Platycheirus at Work

Using an extended proboscis, this slim hoverfly laps pollen from the anthers of a marsh marigold (Caltha palustris) blossom.  Adult Platycheirus sp. (Family Syrphidae) feed on nectar and pollen – unlike the predatory larva which feed mostly on aphids. The labellum (seen opening and closing in the photo below) laps pollen off the anthers. When resting the labellum remains closed, and the proboscis folds up under the head.

Note the movement of the labella. (Image © Adrian Thysse 2011)

 

Thanks to Heather Penney (MSc. Candidate, Department of Biology, Carleton University) for the I.D.

Addendum: Now identified as a female Platycheirus obscurus (Say, 1824). Thanks to Andrew Young. See comment below.

More information on Syrphid feeding can be found in Foraging Ecology of Hoverflies: morphology of the mouthparts in relation to feeding on nectar and pollen in some common urban species. (Francis Gilbert, Ecological Entomology (1981) 6, 245 – 262.) Also, this review of the Mouthparts of Flower Visiting Insects (Harald W. Krenn et al, Arthropod Structure & Development (2005) 34, 1–40)

[8 May, 2010. Edmonton, Alberta. Nikon D80 with Tamron 90mm DI lens on KenkoPro 1.4x teleconverter. ISO 200, 1/250 sec. @ f40 (effective aperture)  diffused Nikon R1 flash system. Processed in Lightroom 3.3 (cropping, levels, spot removal, sharpening, noise-reduction). Animated gif image made in PhotoScape]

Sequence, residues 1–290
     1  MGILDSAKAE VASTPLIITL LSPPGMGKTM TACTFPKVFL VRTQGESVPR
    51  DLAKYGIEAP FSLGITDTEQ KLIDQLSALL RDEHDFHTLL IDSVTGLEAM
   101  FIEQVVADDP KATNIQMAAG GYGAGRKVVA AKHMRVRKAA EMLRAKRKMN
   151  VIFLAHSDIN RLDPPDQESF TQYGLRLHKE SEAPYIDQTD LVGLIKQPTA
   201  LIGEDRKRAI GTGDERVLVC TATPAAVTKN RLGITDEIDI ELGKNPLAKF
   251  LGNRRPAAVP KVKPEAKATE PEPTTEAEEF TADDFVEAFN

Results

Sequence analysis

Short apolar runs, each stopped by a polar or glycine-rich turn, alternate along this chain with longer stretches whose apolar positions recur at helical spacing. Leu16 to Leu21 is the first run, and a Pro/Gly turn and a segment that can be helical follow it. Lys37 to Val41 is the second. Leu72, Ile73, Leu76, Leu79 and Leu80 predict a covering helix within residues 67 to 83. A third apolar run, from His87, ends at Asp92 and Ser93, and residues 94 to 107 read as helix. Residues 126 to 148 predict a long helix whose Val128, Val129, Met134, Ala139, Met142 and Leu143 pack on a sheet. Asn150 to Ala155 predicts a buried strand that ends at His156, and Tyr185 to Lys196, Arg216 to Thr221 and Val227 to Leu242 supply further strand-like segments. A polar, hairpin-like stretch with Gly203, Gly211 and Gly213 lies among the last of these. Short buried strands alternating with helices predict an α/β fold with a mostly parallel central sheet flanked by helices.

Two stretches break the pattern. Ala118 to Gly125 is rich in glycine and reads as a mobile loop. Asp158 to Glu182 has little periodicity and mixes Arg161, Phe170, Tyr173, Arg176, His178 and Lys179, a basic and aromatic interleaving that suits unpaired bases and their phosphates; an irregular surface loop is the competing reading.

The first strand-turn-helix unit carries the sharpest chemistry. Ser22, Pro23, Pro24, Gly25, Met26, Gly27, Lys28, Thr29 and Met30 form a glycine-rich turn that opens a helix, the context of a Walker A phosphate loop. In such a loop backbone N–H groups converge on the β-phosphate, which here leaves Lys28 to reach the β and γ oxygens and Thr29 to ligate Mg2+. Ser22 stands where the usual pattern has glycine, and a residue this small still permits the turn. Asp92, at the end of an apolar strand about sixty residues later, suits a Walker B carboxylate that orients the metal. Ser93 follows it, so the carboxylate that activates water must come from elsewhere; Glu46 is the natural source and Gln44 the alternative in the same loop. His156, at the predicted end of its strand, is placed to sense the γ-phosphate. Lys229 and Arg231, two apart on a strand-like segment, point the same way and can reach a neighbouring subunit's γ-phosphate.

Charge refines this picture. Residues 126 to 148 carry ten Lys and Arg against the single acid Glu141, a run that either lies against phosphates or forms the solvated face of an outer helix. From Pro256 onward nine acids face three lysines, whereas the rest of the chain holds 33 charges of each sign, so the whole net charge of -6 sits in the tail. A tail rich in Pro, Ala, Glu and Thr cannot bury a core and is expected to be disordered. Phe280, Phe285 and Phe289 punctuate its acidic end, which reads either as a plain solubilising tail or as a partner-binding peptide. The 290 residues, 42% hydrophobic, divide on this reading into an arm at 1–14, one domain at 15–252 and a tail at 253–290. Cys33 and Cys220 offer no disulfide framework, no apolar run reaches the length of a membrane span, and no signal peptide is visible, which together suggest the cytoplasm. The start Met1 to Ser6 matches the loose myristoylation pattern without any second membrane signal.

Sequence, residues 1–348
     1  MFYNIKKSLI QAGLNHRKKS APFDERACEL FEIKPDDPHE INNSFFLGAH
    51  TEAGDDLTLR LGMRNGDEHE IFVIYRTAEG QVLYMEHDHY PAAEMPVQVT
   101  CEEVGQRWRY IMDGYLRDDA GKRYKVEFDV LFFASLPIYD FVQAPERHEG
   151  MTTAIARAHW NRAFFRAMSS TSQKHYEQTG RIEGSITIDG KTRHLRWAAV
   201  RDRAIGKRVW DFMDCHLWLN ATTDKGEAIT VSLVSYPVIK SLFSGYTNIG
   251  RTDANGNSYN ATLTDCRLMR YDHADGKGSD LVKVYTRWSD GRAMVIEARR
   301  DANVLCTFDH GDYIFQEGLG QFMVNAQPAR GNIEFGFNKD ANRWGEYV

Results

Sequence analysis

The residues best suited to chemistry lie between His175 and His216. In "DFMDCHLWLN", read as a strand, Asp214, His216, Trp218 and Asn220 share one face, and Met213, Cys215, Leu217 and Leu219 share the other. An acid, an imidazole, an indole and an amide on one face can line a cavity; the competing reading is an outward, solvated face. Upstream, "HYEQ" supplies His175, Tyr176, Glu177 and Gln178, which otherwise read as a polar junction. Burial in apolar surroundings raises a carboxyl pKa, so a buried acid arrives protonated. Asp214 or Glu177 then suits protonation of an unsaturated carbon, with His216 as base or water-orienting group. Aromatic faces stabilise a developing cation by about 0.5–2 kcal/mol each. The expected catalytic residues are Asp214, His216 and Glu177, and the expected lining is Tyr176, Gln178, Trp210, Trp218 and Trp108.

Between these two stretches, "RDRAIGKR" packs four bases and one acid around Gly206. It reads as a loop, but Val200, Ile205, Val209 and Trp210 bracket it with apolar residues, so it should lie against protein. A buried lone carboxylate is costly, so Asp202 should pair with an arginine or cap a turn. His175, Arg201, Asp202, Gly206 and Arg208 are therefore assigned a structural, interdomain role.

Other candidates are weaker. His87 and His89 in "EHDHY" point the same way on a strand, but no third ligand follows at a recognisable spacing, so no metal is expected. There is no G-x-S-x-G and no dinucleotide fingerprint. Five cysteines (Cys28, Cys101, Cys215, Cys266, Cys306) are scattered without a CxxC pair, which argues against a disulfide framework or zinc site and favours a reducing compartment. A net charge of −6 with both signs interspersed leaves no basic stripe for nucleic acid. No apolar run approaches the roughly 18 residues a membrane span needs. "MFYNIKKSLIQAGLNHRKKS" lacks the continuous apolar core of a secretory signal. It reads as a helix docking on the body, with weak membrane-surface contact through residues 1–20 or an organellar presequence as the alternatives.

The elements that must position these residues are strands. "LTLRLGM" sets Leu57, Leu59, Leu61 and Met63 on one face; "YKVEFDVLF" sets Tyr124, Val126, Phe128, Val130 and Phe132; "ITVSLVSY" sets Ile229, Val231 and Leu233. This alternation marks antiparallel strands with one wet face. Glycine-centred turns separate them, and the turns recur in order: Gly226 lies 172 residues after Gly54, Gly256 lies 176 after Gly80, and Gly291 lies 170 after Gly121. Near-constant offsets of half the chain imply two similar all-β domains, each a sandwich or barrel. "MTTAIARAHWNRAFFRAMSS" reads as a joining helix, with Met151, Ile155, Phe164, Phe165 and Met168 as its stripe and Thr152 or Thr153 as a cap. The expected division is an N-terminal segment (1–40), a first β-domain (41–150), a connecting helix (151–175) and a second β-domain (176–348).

This entry was posted in Addendum, Behaviour, Diptera, Entomology 101, Syrphidae and tagged , , , , .

4 Comments

  1. Andrew Young 10 March, 2011 at 10:13 AM #

    Hi,

    That’s a female Platycheirus obscurus. Nice shot!

    • Adrian Thysse 10 March, 2011 at 10:23 AM #

      Thanks Andrew! And thanks for dropping by. I always appreciate the help with I.D.

      Would you by any chance know the species seen in the sidebar? (Click through for a larger image)

      • Andrew Young 10 March, 2011 at 10:29 AM #

        Hi Adrian,

        Always happy to help!

        That’s a male Eristalis (Eristalis) tenax, a widespread European introduction.

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